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To hear a midi file, just click on any organ graphic. To stop the music before it has finished, refresh the page. NB Firefox may refuse to play some tracks or cut them short. Try a different browser!
The pipe organ is a marvel of technology
and beauty, that goes back to ancient times. I would like to be able to recount its
history, but have not yet found the time required to do this interesting research. Its
modern equivalent is the synthesizer. By clicking on these images, you will hear
compositions by J S Bach being played "live" on your own computer (if you have a
sound card with midi enabled) on a tiny but fully-featured synthesizer.
As with the various kinds of
bagpipe, but unlike brass and wind instruments, two functions are separated in designing
this extraordinary kind of musical instrument. The first is to provide the wind to make
the pipes resonate: this requires physical effort but less skill. The second is to play
the instrument - more skill but less physical effort. I guess that in Bach's day,
someone was at the back of the organ operating the bellows. Today that's all done
Both organ and synthesizer are designed to place at the player's disposal a range of
voices - "stops" in organ parlance, "patches" in synthesizer parlance.
The demand for cheap music to entertain the
common people in the street and elsewhere led to the invention of the barrel organ and
later the steam-operated fairground organ. The "organ-grinder" merely turned a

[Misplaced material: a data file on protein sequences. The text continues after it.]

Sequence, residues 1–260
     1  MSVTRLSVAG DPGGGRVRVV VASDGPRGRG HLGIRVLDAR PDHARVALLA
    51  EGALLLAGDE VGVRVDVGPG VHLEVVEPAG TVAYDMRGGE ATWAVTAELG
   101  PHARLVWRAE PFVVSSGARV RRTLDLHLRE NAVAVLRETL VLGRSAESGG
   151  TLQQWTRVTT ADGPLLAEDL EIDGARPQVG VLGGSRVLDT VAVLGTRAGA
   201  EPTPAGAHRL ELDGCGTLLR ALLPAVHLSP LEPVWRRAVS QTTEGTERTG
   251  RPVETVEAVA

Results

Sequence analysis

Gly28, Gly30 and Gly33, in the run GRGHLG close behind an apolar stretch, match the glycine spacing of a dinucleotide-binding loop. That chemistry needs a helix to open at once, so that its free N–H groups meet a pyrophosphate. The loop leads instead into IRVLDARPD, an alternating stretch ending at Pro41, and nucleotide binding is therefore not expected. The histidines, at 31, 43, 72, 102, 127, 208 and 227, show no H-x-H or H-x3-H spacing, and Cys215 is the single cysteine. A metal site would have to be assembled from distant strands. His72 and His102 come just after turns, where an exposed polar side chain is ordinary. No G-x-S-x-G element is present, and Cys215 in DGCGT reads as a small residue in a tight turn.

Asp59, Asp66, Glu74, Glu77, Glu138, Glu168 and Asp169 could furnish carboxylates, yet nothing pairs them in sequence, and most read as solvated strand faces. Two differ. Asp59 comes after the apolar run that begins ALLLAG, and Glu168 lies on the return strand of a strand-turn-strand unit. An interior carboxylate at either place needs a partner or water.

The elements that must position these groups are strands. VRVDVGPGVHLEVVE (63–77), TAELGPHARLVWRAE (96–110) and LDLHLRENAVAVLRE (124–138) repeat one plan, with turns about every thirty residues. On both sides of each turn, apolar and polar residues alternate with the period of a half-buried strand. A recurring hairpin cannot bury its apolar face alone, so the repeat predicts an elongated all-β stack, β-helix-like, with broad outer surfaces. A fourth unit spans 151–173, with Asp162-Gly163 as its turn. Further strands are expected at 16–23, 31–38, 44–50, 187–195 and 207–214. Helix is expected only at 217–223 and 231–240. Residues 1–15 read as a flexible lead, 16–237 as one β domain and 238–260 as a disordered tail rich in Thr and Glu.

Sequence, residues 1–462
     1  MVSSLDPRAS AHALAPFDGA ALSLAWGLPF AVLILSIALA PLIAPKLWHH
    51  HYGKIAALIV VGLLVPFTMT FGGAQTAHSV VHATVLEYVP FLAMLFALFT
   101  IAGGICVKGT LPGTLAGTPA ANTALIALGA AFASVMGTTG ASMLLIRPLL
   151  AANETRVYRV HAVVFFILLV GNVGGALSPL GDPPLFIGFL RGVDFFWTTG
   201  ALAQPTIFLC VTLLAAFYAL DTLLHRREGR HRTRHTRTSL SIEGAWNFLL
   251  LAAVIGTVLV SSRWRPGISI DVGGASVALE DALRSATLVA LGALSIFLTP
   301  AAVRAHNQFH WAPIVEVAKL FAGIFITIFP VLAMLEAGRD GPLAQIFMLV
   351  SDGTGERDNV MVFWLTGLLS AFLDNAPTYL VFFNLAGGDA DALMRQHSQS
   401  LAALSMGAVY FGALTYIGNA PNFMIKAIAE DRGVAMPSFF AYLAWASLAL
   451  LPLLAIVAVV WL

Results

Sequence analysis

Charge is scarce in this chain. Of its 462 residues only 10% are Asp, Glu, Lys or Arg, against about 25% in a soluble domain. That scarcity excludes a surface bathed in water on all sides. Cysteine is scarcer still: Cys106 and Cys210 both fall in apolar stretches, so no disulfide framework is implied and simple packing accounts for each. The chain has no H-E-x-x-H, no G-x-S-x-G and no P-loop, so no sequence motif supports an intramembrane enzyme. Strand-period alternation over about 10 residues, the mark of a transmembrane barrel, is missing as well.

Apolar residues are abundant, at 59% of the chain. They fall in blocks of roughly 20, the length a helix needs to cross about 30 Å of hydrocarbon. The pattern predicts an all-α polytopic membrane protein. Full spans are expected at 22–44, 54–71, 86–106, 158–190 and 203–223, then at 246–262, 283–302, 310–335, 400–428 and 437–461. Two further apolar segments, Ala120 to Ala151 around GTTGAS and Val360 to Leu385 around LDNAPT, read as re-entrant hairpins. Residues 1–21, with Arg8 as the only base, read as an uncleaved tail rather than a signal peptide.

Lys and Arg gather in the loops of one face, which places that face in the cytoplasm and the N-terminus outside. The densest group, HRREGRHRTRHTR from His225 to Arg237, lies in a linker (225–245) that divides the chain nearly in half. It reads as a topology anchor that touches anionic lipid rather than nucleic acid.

handle, like an itinerant knife-grinder, to generate the wind which activated the reeds or
pipes, and to activate the automated musical score. I don't know if this consisted of
punched holes, as on the Jacquard loom which inspired Herman Hollerith to invent punched
cards for the 1890 US Census; or consisted of pins on a metal drum, like the musical box.
But midi files do the same thing with a string of digital instructions to a synthesizer.
These midi files were sequenced by various people to simulate the sound of
various traditional instruments. To bring out the counterpoint more clearly, and make them
sound fresher to the modern ear, I have used a software called Midikeyz, supplied by
Hammer Software to alter tempi, change "instruments" etc. I don't entirely know
how it works - the passacaglia (panel opposite) goes on to choose its own instruments
after a while!
Click on their logo to view their site. They offer midikeyz as shareware - try before
Special thanks to Lubbert Schenk
of Softart Design, for use of the images derived from his brilliant paintings of organs,
or, in Dutch, Digitale tekeningen van bestaande pijporgels, en eigen ontwerp. To
see these paintings in all their glory, click this logo:
|Grateful thanks also to B R Travis and his site: "A Johann Sebastian Bach
Midi Page", from which all the pieces on this page have been downloaded and then
For more midi files, orchestrated in various ways, click this portrait.
More like this:
Cacophonia Part 1
Cacophonia Part 3
Cacophonia Part 4
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